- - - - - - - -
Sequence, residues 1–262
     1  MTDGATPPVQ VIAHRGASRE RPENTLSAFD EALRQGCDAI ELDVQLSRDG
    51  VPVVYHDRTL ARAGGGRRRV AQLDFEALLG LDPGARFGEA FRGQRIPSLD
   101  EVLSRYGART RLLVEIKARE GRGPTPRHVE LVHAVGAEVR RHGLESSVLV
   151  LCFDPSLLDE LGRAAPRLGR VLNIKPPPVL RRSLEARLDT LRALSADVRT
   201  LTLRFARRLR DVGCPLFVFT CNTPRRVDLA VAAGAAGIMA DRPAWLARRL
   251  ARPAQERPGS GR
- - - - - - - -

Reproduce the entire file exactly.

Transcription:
Sequence, residues 1–262
     1  MTDGATPPVQ VIAHRGASRE RPENTLSAFD EALRQGCDAI ELDVQLSRDG
    51  VPVVYHDRTL ARAGGGRRRV AQLDFEALLG LDPGARFGEA FRGQRIPSLD
   101  EVLSRYGART RLLVEIKARE GRGPTPRHVE LVHAVGAEVR RHGLESSVLV
   151  LCFDPSLLDE LGRAAPRLGR VLNIKPPPVL RRSLEARLDT LRALSADVRT
   201  LTLRFARRLR DVGCPLFVFT CNTPRRVDLA VAAGAAGIMA DRPAWLARRL
   251  ARPAQERPGS GR